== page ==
The Fault in Fairy Tales

Rumplestiltskin by Kitty-Grimm on DeviantArt.

I’m supposed to be polishing up a final draft of my Textual Intervention piece right now. “Textual Intervention” is basically a fancy way of saying fan-fiction. Last semester, this is what I did for Textual Intervention. This semester, the genre we’re working on is fairy tales. Instead of turning a fairy tale into something completely different like I usually do, I’ve gone for the boring route and decided to do a normal, 2000 word rewrite of Rumplestiltskin. The thing is, Rumplestiltskin is a story with so many plot holes, and the perfectionist in me wants to patch them all up, but patching one will make another, and then the whole thing turns into a game of Whack-A-Mole. For example:

Why would a miller tell everyone that his daughter can spin straw into gold?

  •  Either he’s lying, in which case, why would he lie about something so stupid?
  • Or he’s telling the truth, in which case, why would he tell anyone when he can keep it to himself and move away and get rich?
  • Either way, maybe he’s under the influence of alcohol. A lot of it.

Why would the king believe the miller or pay any attention to him at all when he has important king stuff to do?

  • He wants gold and is stupid enough to believe that kind of stuff. In which case, how is he still king?
  • He wants gold and lives in an alternate universe where people have superpowers. So he enslaves a poor girl.
  • He is trying to teach the guy a lesson because he really cares about the honesty of every single living subject under his rule. But he doesn’t care about them enough to stop himself from threatening their lives when he wants gold.
  • He’s bored and completely irresponsible. Again, how is he still king?

Why would Rumplestiltskin spin straw into gold for some random girl?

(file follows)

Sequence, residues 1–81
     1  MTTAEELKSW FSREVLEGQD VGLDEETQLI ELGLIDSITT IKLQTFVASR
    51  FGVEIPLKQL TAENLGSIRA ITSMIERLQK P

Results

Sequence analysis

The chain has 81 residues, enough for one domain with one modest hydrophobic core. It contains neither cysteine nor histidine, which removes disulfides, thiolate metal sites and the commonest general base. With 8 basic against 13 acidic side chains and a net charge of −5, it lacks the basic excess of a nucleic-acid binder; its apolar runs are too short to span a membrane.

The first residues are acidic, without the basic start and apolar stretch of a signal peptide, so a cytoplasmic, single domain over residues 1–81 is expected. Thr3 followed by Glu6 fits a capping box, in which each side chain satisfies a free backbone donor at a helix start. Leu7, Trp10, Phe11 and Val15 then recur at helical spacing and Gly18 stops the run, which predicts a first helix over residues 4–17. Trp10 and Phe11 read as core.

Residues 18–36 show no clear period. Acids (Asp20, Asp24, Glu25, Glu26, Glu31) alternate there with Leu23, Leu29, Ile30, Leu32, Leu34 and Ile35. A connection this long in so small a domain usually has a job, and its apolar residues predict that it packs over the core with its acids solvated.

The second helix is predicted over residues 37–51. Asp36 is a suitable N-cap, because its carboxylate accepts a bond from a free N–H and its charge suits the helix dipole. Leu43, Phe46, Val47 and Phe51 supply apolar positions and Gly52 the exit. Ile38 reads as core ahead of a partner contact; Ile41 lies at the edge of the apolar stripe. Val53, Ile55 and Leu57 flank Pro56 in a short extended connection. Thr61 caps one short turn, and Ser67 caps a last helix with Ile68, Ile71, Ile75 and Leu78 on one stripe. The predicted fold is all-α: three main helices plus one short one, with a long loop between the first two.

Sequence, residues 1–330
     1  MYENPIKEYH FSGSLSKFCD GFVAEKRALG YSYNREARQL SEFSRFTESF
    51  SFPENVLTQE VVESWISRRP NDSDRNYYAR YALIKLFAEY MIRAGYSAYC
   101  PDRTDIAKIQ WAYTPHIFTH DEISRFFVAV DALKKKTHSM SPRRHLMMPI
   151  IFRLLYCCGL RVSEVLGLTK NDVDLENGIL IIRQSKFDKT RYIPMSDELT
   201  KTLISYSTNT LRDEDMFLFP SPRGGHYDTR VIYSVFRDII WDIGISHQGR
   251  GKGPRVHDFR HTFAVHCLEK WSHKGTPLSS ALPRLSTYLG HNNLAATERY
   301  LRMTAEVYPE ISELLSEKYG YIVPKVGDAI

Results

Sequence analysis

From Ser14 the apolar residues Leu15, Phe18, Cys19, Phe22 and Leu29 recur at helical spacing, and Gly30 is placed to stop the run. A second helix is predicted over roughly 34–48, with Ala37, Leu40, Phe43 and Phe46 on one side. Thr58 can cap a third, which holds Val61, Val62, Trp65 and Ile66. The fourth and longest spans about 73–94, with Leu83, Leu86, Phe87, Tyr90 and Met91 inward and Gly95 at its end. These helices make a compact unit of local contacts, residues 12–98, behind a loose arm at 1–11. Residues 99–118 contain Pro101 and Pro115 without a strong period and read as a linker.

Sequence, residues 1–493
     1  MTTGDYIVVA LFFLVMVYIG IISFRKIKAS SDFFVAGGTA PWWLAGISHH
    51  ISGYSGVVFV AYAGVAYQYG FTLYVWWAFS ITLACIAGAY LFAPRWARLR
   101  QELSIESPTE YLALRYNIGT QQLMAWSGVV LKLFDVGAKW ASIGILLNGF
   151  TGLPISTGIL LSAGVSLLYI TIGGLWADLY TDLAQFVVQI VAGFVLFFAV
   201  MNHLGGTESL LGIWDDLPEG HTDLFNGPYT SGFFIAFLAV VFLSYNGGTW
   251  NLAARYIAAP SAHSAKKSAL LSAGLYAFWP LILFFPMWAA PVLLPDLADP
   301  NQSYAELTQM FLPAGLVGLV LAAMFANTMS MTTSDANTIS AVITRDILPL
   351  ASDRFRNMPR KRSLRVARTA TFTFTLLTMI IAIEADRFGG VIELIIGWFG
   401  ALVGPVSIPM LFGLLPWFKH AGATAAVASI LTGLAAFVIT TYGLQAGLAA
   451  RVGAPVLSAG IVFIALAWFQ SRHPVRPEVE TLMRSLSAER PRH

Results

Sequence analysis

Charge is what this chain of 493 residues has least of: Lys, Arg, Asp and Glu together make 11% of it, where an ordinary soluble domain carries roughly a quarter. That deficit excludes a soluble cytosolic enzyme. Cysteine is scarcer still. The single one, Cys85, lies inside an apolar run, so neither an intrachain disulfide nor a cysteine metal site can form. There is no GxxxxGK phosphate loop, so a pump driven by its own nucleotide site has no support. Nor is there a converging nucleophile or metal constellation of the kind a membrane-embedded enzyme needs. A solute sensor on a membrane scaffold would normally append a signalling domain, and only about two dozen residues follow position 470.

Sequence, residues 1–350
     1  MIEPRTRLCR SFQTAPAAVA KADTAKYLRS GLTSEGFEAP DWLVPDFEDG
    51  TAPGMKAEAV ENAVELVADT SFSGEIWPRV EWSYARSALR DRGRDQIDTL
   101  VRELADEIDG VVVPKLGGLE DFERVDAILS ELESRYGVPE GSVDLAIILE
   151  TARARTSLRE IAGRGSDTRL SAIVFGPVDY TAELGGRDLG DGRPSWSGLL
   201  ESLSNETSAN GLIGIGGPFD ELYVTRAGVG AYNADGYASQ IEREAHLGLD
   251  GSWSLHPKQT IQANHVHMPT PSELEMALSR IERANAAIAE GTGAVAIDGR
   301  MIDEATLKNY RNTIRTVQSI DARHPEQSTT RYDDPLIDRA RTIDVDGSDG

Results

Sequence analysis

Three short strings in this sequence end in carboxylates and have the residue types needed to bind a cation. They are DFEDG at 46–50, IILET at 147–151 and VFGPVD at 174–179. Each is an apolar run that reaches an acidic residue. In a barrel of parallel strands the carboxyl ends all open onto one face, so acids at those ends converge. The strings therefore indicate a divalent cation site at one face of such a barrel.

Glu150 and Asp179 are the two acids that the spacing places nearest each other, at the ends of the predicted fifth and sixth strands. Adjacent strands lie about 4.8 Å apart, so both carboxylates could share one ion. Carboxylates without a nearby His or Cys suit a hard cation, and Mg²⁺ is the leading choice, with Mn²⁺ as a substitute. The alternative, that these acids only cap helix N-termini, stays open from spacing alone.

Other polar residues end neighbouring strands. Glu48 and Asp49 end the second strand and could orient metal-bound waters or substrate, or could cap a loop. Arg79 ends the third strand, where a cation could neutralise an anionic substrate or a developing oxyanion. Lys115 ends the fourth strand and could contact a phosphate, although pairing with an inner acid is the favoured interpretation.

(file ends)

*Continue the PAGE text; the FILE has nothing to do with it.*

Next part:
• Because he gets paid in jewellery. Jewellery from a girl who’s supposed to be dirt -poor. Jewellery made of gold. Like the gold he can spin from straw. He spins gold to get less gold.
  • Maybe he’s a leprechaun. According to the Harry Potter books, leprechaun gold doesn’t last. So he’s a con-man. He’s scamming some dirt-poor girl who’s life and who’s father’s life is on the line. Jerk. But then why would he ask for a freakin’ baby? Those things require expensive upkeep!
  • He actually wants her first-born and is only starting small with the jewellery to back this girl into a corner where she absolutely has to give up her first-born or die. Again. Jerk. But what the hell does he want a baby for?

Anyway, I could go on but I think I’ll stop there because this post could easily become three times as long as the word count for my assignment. As you can see, it’s kind of infuriating to have to fix all these problems the Grimm brothers wrote about. Like, seriously? The miller’s daughter hasn’t even got a fucking name!!!

*deep breath*

Okay. I’m just going to go and do something else for a bit…

2 thoughts on “The Fault in Fairy Tales

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